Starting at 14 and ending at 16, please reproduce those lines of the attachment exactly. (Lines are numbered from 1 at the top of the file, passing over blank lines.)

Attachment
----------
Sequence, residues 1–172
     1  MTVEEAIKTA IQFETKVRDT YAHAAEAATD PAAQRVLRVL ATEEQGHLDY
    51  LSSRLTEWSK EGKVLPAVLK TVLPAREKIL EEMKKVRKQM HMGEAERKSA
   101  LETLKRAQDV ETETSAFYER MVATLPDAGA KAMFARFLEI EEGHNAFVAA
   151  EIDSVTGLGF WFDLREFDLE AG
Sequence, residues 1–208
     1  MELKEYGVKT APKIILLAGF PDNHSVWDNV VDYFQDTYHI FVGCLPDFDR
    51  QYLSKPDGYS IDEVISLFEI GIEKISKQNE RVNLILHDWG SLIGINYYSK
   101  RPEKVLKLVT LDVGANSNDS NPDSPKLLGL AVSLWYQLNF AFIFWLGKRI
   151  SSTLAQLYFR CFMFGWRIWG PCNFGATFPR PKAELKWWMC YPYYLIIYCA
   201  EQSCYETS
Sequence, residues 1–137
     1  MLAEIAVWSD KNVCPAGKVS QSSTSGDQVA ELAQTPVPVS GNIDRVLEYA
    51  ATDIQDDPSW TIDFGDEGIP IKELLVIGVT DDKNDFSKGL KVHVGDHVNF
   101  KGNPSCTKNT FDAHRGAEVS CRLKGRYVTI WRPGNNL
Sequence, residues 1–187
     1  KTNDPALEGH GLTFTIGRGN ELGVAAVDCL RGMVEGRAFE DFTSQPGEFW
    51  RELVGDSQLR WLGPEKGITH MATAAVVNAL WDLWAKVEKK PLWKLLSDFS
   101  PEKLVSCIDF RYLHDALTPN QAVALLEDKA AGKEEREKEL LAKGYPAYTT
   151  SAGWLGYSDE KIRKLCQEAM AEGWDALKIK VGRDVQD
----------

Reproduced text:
    51  ATDIQDDPSW TIDFGDEGIP IKELLVIGVT DDKNDFSKGL KVHVGDHVNF
   101  KGNPSCTKNT FDAHRGAEVS CRLKGRYVTI WRPGNNL
Sequence, residues 1–187